Although finding her Chinese grandfather was Madison’s primary goal, coming to Luo Shui He connects her with relatives from around the world.
“What my mother experienced was, if you get too far away, you don’t know how to get back. My mother didn’t grow up as part of the Lowe family; my grandfather looked for her for the entire 15 years he was in Jamaica until he returned to China, but he couldn’t find her. I think it’s important that all our family members have the opportunity to come back every once in a while. Come back and know that you’re connected, you’re grounded, you’re not floating alone in the world. You’re not lost.”
She says China cannot ignore this growing multi-ethnic diaspora, which challenges the definition of being Chinese. “You cannot tell me that I am not Chinese and you cannot tell me that I’m not Hakka, because I am,” she says.
“So what do you do, China?” she asks. “You need to welcome us. Welcome us as we come home because we are also products of Chinese culture, civilisation, principles, and we have an allegiance to our Chinese ancestry, our heritage. That’s why I want people to come here, to Luo Shui He.”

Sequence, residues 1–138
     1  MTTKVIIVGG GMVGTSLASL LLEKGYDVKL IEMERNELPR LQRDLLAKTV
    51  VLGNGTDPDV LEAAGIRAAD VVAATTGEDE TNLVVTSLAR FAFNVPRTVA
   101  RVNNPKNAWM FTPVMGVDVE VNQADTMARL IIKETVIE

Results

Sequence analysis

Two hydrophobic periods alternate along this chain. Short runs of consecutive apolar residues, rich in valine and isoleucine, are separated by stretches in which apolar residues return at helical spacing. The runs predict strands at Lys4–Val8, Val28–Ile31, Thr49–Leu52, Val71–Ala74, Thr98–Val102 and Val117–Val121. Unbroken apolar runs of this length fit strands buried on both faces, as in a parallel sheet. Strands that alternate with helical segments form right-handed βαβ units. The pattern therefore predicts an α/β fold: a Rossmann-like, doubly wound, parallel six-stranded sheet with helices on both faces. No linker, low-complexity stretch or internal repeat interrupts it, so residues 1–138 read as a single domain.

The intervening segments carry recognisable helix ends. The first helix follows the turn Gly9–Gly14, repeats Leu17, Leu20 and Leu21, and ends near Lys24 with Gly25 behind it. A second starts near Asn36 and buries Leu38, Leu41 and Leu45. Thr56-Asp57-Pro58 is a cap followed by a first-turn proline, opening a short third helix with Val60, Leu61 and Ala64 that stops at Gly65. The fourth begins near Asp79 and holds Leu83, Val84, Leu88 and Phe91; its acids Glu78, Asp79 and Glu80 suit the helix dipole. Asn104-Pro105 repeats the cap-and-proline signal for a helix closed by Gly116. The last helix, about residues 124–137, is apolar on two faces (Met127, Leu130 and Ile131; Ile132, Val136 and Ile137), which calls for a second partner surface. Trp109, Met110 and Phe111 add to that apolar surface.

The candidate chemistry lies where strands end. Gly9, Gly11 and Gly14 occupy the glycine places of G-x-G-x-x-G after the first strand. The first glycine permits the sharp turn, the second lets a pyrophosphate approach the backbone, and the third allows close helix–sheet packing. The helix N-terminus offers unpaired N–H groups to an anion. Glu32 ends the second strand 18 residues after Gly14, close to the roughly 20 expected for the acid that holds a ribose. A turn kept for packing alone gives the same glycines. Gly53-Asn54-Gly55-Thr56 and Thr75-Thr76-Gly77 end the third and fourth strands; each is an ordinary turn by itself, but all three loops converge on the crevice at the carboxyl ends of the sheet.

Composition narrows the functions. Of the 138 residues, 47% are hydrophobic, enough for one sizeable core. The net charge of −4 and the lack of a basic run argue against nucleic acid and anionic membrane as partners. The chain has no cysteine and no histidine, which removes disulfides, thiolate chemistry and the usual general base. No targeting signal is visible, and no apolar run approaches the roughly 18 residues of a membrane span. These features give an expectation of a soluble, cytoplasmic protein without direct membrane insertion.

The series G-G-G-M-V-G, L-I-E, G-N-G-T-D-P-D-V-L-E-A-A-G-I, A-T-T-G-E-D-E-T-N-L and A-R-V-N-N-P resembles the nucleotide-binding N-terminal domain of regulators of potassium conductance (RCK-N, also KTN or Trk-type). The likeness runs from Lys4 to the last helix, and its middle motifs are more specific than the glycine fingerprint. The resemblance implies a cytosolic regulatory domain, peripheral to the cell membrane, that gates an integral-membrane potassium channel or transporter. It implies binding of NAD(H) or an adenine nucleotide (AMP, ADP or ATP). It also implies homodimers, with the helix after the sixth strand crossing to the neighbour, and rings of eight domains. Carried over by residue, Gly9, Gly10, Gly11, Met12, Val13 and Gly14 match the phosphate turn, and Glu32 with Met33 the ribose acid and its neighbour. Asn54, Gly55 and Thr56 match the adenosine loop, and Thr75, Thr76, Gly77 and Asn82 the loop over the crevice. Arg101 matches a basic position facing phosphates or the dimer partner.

- How do you define Chinese / Vietnamese / American etc.?
- Imagine this: Your grandparents were from Vietnam but migrated to Australia. You do not speak Vietnamese but English, and enjoy Australian pursuits. How do you define yourself?
- In a fast changing world where inter-cultural marriages are on the rise, is it necessary to investigate one’s roots? How closely should customs be followed?
- Do intercultural marriages have a positive or negative effect on the world?